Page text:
Chapter 1 introduced the Direct Internet Message Encapsulation (DIME) protocol as a message-based encapsulation protocol and described how DIME leverages SOAP metadata in a streamlined message encapsulation process that can provide a better solution than Base64 encoding when sending attachments with SOAP messages in a Web service. This chapter offers a detailed look at how to use DIME with SOAP messages, and how Web Services Enhancement (WSE) supports both DIME and the WS-Attachments specification.
DIME was created with a SOAP and Web services “based world in mind. However, since DIME is not limited just to SOAP and Web services, there must be a protocol that defines how to use DIME with SOAP-based Web services. The mechanics of how DIME is used to encapsulate a SOAP message with attachments is described in the WS-Attachments specification. Later in this chapter, we ll look briefly at some of the non-SOAP applications for DIME, such as streaming binary data.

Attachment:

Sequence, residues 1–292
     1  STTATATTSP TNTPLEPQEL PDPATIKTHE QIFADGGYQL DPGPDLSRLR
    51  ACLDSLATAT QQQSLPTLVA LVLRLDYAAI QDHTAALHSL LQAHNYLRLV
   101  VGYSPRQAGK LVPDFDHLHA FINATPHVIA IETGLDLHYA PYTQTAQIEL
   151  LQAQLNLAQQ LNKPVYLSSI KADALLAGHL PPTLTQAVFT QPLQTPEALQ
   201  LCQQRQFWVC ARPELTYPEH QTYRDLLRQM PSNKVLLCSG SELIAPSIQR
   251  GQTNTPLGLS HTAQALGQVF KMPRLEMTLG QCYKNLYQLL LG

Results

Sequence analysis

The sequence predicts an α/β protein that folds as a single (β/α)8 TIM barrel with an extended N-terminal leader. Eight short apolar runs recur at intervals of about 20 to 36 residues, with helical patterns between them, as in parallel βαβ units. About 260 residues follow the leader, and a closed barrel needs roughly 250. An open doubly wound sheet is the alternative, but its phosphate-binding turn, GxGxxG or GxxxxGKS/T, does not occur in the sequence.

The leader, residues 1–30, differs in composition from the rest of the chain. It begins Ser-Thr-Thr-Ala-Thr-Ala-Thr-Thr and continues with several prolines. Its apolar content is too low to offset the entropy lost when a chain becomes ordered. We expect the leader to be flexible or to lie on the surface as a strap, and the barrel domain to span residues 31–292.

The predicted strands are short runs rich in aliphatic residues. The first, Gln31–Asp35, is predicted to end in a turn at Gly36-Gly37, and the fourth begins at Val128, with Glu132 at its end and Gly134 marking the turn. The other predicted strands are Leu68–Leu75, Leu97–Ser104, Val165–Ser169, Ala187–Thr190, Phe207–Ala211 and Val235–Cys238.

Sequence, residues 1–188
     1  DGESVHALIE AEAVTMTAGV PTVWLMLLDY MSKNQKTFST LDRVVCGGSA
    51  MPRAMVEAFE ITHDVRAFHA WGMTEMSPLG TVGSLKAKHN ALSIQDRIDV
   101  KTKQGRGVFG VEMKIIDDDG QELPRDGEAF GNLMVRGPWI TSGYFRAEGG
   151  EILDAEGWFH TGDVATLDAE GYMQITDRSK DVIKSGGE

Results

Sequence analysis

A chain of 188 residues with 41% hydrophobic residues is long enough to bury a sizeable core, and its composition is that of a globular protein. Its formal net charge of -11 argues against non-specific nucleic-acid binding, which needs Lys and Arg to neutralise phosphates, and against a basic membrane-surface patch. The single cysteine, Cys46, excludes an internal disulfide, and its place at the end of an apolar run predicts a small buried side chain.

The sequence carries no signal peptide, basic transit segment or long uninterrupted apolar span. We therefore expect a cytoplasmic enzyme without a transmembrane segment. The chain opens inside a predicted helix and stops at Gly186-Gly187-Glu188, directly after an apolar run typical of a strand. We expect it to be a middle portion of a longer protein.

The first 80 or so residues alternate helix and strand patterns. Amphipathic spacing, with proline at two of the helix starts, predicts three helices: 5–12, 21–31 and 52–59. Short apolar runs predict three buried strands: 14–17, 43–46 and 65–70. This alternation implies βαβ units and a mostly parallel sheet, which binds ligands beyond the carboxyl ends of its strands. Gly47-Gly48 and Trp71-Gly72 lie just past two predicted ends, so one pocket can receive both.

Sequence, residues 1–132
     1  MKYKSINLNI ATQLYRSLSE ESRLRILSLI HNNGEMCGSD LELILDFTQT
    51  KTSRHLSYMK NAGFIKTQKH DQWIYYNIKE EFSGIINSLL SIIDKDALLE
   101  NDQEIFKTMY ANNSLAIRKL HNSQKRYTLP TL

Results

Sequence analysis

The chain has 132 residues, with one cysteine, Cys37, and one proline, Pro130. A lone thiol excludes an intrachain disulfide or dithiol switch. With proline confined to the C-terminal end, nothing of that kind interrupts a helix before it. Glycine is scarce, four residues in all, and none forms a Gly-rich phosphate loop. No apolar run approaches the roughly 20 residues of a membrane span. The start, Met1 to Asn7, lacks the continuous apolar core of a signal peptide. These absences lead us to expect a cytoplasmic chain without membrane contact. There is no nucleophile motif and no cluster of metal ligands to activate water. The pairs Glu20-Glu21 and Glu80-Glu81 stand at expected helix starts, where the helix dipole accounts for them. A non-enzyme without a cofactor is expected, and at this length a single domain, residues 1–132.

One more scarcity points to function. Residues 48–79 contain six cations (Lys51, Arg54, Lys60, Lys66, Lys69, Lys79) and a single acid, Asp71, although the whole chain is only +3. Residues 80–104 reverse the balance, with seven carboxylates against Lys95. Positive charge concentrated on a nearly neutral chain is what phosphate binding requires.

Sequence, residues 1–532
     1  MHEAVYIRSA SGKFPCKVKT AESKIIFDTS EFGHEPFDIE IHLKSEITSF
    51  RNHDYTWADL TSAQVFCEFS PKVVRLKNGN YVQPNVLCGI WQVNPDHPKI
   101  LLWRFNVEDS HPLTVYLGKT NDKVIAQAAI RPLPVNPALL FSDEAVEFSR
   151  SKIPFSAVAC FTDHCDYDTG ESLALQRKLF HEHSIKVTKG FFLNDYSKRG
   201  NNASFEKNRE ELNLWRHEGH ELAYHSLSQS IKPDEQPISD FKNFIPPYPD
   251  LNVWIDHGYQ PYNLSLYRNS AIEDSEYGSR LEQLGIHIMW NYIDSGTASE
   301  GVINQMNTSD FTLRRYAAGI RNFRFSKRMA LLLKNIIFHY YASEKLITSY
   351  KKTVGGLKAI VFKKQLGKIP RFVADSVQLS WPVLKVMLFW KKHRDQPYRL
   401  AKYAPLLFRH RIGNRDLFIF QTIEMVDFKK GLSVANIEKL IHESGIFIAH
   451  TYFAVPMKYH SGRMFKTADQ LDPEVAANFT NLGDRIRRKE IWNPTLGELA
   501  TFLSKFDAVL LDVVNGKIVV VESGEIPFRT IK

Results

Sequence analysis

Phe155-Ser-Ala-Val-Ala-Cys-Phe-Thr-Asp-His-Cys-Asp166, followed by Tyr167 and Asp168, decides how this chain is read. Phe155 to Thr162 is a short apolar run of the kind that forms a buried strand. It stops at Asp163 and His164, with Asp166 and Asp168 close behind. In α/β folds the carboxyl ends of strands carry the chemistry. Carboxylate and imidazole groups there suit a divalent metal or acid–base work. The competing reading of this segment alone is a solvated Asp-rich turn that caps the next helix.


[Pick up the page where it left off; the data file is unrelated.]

Proposed by IBM and Microsoft, the WS-Attachments specification leverages DIME to enable an XML-based Web service to efficiently send and receive attachments with SOAP messages. These attachments might be binary files, other SOAP messages, XML fragments, or even other DIME messages. Before WS-Attachments and without using DIME, you could still send these types of attachments encoded in the body of a SOAP message. For example, if I wanted to send a large media file in a SOAP response message back to a requesting client, I could do this by encoding the binary attachments as Base64 XML and including them in the body of the SOAP message. However, the processing on each end of the transaction gets bloated when attachments are very large, as Base64 encoding can increase the size of binary data by up to 30 percent, and even trickier if they are digitally signed. Also, if I want to send other SOAP messages, XML documents, or XML fragments that have a different character encoding than the main SOAP message, the processing can get complicated. These are a few of the instances in which a DIME-based approach makes more sense.